DM: What happened was so strange that at the time I didn’t tell my parents, and because I was older than my brother and sister—and in fact, still am older than my brother and sister—I didn’t tell them either, because I didn’t think they’d know how to deal with it. But in the show, you learn about my mother and my father, who are interesting people. They were not Texans, originally. My father was from Connecticut; my mother was from Ohio and had been living in New York working for Diana Vreeland at Harper’s Bazaar.

TM: There’s some culture shock.

DM: Yes, I talk about that. The early part of the show is about my parents, and how they met, and their courtship. It’s quite funny—until the teacher arrives. It remains funny for a while, and then it starts to turn.

I only told this story once in person before I wrote the one-man show. Years ago, just after I’d worked at Saturday Night Live, I was at lunch with four or five great SNL people. I don’t know how it came up, but I said, “Oh, gosh, I have a story about a teacher, so I can’t tell the whole thing, but I’ll tell you just this little part.” And I told them the little part and they were so gripped. They said, “Well, wait, what happened?” And I was like, “Well . . .” and then I ended up telling the whole thing. I remembered how they sat there riveted to these events—and with actors or with writers or comedians, as a rule, sitting in silence is not their fallback position. Usually they interrupt, they find a way to bring it back to themselves.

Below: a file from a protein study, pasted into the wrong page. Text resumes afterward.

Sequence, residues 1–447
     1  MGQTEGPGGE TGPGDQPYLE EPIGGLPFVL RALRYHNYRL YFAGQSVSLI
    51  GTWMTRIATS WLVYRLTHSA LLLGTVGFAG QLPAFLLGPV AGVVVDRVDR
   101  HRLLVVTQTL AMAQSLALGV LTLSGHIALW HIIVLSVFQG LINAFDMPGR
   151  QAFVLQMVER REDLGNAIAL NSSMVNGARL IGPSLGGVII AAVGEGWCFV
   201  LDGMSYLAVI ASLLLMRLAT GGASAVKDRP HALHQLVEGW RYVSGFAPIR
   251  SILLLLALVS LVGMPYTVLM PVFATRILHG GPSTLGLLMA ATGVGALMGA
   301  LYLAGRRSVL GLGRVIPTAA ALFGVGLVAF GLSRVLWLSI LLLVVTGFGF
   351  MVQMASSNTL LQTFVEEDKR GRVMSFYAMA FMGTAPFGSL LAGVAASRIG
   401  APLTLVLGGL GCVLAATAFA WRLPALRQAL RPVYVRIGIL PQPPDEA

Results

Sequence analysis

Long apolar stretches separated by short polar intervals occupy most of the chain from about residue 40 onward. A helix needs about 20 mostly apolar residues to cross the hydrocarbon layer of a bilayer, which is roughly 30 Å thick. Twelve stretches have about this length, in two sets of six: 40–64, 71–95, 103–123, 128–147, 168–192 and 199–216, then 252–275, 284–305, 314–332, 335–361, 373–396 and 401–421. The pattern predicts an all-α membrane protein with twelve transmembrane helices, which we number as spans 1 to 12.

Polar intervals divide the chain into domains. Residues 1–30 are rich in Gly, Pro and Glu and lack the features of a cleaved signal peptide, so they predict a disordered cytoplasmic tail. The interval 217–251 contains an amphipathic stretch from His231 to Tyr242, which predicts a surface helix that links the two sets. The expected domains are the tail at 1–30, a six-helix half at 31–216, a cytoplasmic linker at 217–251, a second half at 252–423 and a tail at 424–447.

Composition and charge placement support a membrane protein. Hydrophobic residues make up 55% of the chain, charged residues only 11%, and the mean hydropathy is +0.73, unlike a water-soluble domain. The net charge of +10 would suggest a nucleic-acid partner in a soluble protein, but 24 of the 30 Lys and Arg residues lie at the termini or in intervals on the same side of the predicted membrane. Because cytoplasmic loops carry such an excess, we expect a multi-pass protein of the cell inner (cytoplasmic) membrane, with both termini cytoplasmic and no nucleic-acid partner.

TM: I have a story!

DM: Uh-huh. And that, in its own funny, small way, stuck with me. I thought, “That story has some real power, both comic and dramatic power.”

TM: How did you decide to do it as a one-man show? Did you just figure that this was the best way to have control over it?

DM: Well, it wasn’t a control issue. Funnily enough, it came out of that lunch, because I remember the feeling of telling it myself. I love one-person shows—particularly if the actors are telling you something about themselves.